Disney's California Adventure was - in simple terms - and epic fail.
The intent was to celebrate all things California. Entering under the Golden Gate Bridge, strolling along a pier, and palm trees galore.
But the real California, was just outside its gates.
Not only was the idea a mess, but the park was too.
It was poorly organised. Hard to get around. And the attractions didn't exactly...attract.
Many visitors thought that the carpark it had replaced was a better use of the space.
It was 2001, and the renaissance years - filled with the magic of movies like Beauty and the Beast (1991), Aladdin (1992) and the Lion King (1994) - were well and truly over.
Their problems were issues of strategy and structure.
Between 2002 and 2012, the renovations and changes to make it work would cost (according to one blog I read) over $1.5 billion.
The same thing happens with websites, digital products and other online products.
When strategy and structure aren't clearly set, the content debt quickly stack up (but hopefully not $1.5 billion worth).
And, it might seem strange to think that theme park redesign and content redesign share any similarity at all, but they do.
Investment in imagination
Budget was tight, and the idea of the park was rolled out fast, to be able to open doors and generate ticket sales.
Where the geography of Disneyland had been completely transformed, with fully established trees, waterways, and a large earth mound around the outside blocking views of the outside world, the same couldn't be said for California Adventure.
There wasn't the time or budget to take a moment to step back, and bring together all the ideas into a single approach.
Structure and strategy might sound like they sit a world away from imagination. But empowering people to bring their ideas to the table (or, if you're a solo business owner, giving yourself a chance to dream) is a great first step. It means having big, far reaching conversations that sometimes test the limits of a single project. Which also means you're more likely to end up with a solution that can evolve with you, based on where you might go in the future.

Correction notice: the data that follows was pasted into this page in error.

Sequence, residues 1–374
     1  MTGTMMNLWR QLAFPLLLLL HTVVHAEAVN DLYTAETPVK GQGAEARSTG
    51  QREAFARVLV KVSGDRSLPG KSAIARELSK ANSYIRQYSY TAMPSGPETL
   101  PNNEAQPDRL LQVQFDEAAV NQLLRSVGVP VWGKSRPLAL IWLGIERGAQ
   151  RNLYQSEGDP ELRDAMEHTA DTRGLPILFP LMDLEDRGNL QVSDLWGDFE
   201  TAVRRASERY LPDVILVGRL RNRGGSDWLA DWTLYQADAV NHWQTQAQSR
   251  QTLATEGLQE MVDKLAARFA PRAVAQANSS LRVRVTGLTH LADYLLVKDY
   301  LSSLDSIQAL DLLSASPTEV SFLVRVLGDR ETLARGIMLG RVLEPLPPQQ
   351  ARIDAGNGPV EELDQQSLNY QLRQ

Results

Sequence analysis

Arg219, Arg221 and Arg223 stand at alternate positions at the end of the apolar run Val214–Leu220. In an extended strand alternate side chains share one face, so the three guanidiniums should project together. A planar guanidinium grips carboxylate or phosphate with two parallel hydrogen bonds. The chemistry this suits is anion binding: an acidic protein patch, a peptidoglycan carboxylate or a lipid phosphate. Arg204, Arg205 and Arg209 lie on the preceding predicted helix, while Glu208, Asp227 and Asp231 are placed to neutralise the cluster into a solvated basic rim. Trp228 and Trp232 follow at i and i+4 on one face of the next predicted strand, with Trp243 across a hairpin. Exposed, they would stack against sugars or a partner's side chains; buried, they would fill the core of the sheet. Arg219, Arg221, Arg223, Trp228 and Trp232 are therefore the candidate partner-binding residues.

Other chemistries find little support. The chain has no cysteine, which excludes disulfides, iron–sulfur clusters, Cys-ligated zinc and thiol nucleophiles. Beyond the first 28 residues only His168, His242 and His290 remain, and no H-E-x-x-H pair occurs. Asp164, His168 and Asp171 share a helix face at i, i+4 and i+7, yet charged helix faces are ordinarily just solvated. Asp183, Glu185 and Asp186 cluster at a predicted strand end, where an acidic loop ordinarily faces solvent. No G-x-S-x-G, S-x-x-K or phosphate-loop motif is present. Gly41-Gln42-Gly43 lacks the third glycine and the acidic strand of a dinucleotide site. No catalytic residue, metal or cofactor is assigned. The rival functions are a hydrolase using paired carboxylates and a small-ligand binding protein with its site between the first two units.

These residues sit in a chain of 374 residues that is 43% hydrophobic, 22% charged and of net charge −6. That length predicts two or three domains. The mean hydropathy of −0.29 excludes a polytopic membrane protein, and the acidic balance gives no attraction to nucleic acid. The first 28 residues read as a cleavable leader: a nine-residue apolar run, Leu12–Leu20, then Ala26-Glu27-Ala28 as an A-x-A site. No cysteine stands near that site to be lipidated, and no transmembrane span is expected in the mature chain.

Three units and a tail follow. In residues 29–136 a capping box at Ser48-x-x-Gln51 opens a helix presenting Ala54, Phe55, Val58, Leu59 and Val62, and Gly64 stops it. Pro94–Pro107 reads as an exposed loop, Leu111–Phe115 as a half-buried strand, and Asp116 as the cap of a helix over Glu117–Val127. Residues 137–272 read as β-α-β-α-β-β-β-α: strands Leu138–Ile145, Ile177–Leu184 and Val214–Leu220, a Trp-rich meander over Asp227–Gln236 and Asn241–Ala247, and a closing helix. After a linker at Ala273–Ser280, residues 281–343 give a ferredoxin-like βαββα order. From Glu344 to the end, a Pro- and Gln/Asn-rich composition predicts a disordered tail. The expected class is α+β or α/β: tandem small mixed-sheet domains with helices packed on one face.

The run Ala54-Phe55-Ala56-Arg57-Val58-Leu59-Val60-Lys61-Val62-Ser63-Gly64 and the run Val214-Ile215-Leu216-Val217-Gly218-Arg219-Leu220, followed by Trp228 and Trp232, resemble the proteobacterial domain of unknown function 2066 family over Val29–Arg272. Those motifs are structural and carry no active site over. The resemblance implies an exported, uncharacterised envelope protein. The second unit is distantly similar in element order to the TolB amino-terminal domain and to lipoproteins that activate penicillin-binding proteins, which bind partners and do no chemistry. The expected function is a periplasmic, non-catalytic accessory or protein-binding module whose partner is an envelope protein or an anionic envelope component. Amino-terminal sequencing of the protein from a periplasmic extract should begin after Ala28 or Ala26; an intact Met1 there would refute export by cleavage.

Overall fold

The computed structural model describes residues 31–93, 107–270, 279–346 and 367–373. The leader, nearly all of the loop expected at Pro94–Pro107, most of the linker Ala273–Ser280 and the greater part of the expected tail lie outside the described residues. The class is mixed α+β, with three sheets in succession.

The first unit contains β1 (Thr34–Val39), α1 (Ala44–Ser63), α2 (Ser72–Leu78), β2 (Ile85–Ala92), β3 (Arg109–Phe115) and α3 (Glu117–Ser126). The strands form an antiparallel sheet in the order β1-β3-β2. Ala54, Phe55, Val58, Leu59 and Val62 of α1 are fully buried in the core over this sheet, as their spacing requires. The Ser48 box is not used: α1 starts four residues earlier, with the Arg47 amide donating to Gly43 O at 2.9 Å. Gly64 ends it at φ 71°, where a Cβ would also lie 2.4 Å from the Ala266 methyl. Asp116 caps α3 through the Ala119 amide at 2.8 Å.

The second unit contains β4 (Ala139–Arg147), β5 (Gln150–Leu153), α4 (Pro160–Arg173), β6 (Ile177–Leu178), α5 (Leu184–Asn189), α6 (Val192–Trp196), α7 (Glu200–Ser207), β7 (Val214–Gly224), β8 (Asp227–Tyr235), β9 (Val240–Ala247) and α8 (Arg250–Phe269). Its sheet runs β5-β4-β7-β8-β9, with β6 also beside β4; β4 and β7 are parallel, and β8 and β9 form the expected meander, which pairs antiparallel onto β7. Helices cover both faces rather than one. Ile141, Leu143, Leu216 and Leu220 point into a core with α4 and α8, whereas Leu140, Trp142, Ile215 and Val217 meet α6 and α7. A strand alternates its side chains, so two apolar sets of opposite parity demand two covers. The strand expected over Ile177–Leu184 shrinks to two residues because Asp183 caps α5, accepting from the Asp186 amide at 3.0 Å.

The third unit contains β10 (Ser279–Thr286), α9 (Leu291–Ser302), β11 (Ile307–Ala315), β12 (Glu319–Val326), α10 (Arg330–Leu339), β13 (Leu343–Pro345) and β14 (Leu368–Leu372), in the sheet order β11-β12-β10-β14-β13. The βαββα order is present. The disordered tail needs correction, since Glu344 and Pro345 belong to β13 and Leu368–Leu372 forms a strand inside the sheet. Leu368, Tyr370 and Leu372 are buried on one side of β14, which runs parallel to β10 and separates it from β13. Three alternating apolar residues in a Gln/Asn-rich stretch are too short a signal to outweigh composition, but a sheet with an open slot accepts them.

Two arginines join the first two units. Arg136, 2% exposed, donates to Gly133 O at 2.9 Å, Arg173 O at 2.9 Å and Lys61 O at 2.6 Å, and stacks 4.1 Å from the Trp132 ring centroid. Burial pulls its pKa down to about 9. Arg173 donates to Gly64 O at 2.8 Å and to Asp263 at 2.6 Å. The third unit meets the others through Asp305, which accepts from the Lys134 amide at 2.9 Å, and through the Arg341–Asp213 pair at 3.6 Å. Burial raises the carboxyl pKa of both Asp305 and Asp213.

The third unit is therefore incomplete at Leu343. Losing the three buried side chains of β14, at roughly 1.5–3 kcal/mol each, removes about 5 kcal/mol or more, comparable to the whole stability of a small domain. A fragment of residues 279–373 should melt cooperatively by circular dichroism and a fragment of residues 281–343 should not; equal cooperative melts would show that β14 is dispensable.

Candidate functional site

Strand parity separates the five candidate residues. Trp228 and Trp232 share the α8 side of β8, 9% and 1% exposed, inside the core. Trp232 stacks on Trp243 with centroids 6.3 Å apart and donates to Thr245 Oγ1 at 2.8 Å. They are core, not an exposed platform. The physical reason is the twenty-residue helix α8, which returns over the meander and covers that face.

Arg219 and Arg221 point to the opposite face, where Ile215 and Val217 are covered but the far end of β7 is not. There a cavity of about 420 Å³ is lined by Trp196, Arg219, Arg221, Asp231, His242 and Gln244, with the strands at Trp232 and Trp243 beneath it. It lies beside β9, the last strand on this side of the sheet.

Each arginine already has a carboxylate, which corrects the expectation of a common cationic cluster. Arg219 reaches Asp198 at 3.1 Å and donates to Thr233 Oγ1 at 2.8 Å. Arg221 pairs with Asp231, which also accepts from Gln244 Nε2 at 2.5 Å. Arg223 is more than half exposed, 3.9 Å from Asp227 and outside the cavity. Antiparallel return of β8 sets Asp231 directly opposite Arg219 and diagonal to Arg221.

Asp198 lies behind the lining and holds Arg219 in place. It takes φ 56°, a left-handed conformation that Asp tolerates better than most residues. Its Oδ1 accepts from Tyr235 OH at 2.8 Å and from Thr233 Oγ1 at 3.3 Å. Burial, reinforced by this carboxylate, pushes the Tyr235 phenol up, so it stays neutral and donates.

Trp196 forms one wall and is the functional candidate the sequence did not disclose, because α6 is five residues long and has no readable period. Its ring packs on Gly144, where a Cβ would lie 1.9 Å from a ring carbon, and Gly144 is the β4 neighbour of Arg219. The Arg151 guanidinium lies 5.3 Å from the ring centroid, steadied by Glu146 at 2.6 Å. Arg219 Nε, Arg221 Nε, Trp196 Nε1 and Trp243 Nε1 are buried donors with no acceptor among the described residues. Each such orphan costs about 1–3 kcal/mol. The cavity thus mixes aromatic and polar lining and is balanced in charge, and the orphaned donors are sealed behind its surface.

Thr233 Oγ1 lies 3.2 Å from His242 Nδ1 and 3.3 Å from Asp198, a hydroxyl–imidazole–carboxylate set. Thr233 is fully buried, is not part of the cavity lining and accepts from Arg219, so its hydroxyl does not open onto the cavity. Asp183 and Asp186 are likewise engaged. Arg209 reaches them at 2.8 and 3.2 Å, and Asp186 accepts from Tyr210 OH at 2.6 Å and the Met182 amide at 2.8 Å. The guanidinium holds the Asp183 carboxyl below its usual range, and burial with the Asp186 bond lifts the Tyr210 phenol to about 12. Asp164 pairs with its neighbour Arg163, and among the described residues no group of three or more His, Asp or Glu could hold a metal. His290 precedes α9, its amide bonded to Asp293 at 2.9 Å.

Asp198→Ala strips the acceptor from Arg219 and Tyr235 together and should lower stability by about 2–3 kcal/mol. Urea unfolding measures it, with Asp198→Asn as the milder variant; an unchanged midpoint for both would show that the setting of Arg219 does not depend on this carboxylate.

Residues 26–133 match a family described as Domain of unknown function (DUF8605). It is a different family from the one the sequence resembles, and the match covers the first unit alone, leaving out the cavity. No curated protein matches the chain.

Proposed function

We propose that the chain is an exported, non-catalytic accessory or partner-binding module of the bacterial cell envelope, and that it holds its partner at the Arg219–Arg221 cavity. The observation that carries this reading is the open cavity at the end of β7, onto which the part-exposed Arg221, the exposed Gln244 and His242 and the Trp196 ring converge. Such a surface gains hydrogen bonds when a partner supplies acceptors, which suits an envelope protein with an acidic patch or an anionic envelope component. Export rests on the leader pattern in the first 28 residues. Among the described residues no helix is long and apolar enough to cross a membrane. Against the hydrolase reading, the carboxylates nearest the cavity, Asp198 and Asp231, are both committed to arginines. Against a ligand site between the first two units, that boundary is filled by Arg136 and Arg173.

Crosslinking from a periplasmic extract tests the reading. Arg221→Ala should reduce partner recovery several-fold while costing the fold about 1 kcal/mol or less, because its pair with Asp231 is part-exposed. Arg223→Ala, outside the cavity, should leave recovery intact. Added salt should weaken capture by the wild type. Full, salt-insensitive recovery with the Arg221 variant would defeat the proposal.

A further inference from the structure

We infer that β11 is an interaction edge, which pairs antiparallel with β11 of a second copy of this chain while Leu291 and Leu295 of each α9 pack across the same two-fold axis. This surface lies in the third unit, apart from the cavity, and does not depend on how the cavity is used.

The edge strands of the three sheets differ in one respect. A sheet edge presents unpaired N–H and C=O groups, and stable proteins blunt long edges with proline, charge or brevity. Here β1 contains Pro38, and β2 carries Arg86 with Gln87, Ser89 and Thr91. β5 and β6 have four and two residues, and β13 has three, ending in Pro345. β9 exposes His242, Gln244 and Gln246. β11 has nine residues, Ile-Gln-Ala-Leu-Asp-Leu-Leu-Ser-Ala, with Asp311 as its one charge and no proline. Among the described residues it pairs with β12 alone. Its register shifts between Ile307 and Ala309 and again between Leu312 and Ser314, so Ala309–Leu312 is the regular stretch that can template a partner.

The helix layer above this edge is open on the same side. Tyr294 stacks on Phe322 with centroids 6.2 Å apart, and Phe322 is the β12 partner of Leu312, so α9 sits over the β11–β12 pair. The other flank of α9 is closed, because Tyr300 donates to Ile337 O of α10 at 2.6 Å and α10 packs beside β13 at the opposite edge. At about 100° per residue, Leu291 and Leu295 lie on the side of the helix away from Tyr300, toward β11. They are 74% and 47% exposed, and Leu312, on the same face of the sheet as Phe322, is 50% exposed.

A core idea
Selling California in California, with no tie back to either Disney's foundations or hugely successful renaissance was an interesting idea.
To say the least.
It's as if they forgot the heart of their brand.
Magic. Imagination. Nostalgia. Joy.
When deciding how to approach the redesign, they focused just that. And, the stories that were bringing those things to their audiences.
It was, of course, the Pixar era. Toy Story. A Bug's Life. Cars. And if you go to California Adventure today, they're exactly the characters you'll see.
So never forget your core. There's a bit of theory behind what that is and how to get to it, but it essentially means that you should understand the purpose behind your content, and bring that to all things.
Useful guideposts and hierarchies
In planning Disneyland, Walt Disney worked on 4 levels of detail.
First, there's the level of the castle in the distance, so you always know where you are. Every corner of the park has a major landmark, so that the visitor can easily navigate the space.
Then, you make out the shape of the buildings and other structures. You can get a little closer to where you need to go.
Next, you see the big signs over the door. You can make a decision about what you want to get close to.
Finally, the doorknobs are polished, the pretzels are shaped like Mickey Mouse, every little detail is considered.
This is the structure piece.
The goal of these levels (the hierarchy) and their signifiers (the guideposts) is to help people find exactly what they're looking for. Including joy. It exists to make the process seamless for the visitor.
They tried to bring these principles into California Adventure as an afterthought. And it wasn't entirely successful.
Paying attention to structure helps you plan for how people can move around your content.
Like a theme park, there isn't one single track. The journey isn't linear. A digital experience isn't a classic novel, it's more a choose your own adventure. But even they point you in the right direction.
Paying attention to it early allows you to think about how you can expand and change those journeys later on, instead of just sticking some random A Bug's Life characters in the middle of a theme park.